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Original Investigation |

Self-reported Sleep and β-Amyloid Deposition in Community-Dwelling Older Adults

Adam P. Spira, PhD1; Alyssa A. Gamaldo, PhD2; Yang An, MS2; Mark N. Wu, MD, PhD3; Eleanor M. Simonsick, PhD2; Murat Bilgel, BS2,4; Yun Zhou, PhD5; Dean F. Wong, MD, PhD5,6; Luigi Ferrucci, MD, PhD2; Susan M. Resnick, PhD2
[+] Author Affiliations
1Department of Mental Health, The Johns Hopkins Bloomberg School of Public Health, Baltimore, Maryland
2Intramural Research Program, National Institute on Aging, National Institutes of Health, Baltimore, Maryland
3Departments of Neurology and Neuroscience, The Johns Hopkins University School of Medicine, Baltimore, Maryland
4Department of Biomedical Engineering, The Johns Hopkins University School of Medicine, Baltimore, Maryland
5Department of Radiology, The Johns Hopkins University School of Medicine, Baltimore, Maryland
6Departments of Psychiatry and Behavioral Sciences and Neuroscience, The Johns Hopkins University School of Medicine, Baltimore, Maryland
JAMA Neurol. 2013;70(12):1537-1543. doi:10.1001/jamaneurol.2013.4258.
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Importance  Older adults commonly report disturbed sleep, and recent studies in humans and animals suggest links between sleep and Alzheimer disease biomarkers. Studies are needed that evaluate whether sleep variables are associated with neuroimaging evidence of β-amyloid (Aβ) deposition.

Objective  To determine the association between self-reported sleep variables and Aβ deposition in community-dwelling older adults.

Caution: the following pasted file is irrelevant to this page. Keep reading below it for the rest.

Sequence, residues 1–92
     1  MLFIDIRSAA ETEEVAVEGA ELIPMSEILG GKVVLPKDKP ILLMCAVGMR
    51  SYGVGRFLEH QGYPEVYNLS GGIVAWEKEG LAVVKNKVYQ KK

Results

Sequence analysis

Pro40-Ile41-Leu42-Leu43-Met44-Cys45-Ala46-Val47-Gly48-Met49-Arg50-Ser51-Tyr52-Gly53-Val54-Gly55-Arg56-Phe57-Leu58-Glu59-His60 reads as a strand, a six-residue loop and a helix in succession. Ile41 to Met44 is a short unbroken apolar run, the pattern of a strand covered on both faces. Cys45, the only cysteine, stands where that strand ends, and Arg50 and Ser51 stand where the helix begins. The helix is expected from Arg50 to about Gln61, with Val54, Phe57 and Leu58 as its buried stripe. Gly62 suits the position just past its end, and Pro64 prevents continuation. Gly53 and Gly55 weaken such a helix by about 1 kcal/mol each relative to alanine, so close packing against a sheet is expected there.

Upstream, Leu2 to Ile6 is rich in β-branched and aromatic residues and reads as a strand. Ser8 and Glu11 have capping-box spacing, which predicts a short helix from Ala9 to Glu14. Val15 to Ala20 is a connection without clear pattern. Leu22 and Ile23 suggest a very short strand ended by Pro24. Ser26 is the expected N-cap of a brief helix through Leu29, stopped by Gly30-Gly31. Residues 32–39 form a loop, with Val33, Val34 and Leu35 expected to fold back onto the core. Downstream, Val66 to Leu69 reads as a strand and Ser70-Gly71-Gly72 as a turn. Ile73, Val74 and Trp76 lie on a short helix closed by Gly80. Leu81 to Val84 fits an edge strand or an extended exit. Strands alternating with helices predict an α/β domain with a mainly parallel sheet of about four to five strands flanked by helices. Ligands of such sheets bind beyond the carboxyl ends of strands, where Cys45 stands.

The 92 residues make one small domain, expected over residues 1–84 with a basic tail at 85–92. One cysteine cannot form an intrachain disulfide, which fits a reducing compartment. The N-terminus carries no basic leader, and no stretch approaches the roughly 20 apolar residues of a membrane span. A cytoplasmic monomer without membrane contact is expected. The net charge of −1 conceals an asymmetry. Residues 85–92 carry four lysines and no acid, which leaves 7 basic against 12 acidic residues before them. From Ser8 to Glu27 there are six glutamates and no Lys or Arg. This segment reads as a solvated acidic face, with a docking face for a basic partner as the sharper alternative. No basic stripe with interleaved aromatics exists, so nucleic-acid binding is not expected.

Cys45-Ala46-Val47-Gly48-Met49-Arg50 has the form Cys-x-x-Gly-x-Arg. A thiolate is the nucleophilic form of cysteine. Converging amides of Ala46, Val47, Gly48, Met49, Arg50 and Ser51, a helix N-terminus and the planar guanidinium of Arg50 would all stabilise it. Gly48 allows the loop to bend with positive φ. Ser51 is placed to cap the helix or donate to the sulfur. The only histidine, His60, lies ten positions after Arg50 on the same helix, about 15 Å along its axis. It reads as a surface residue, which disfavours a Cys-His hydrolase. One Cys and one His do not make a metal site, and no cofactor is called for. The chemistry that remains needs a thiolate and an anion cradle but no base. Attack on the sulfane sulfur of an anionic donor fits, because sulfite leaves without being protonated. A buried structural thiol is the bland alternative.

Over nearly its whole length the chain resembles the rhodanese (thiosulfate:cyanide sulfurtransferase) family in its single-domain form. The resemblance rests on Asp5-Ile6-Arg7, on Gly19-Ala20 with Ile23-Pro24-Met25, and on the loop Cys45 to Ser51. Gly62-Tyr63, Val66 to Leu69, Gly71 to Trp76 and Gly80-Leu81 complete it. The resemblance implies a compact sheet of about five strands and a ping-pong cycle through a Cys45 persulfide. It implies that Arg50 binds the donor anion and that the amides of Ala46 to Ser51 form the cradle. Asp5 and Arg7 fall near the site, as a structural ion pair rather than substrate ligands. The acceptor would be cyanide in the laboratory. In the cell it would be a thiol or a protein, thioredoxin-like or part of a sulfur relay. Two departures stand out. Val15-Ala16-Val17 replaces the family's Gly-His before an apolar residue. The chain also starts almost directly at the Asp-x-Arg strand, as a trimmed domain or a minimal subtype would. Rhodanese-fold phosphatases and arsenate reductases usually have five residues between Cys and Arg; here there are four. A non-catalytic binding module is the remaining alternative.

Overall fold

Design, Setting, and Participants  Cross-sectional study of 70 adults (mean age, 76 [range, 53-91] years) from the neuroimaging substudy of the Baltimore Longitudinal Study of Aging, a normative aging study.

Exposure  Self-reported sleep variables.

Main Outcomes and Measures  β-Amyloid burden, measured by carbon 11–labeled Pittsburgh compound B positron emission tomography distribution volume ratios (DVRs).

Results  After adjustment for potential confounders, reports of shorter sleep duration were associated with greater Aβ burden, measured by mean cortical DVR (B = 0.08 [95% CI, 0.03-0.14]; P = .005) and precuneus DVR (B = 0.11 [0.03-0.18]; P = .007). Reports of lower sleep quality were associated with greater Aβ burden measured by precuneus DVR (B = 0.08 [0.01-0.15]; P = .03).

Conclusions and Relevance  Among community-dwelling older adults, reports of shorter sleep duration and poorer sleep quality are associated with greater Aβ burden. Additional studies with objective sleep measures are needed to determine whether sleep disturbance causes or accelerates Alzheimer disease.

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Figure.
Unadjusted Distribution Volume Ratios (DVRs) of Carbon 11–Labeled Pittsburgh Compound B Positron Emission Tomography Images by Sleep Duration

Images from 4 axial sections demonstrate that shorter self-reported sleep duration is associated with greater β-amyloid (Aβ) burden. Participants reporting more than 7 hours of sleep (n = 19) have the least Aβ burden, those reporting no more than 6 hours (n = 17) have the most, and those reporting more than 6 to no more than 7 hours (n = 26) have an intermediate level of burden. The rightmost column contains structural images from the Montreal Neurological Institute (MNI) space template.28,29 Scale represents DVR.

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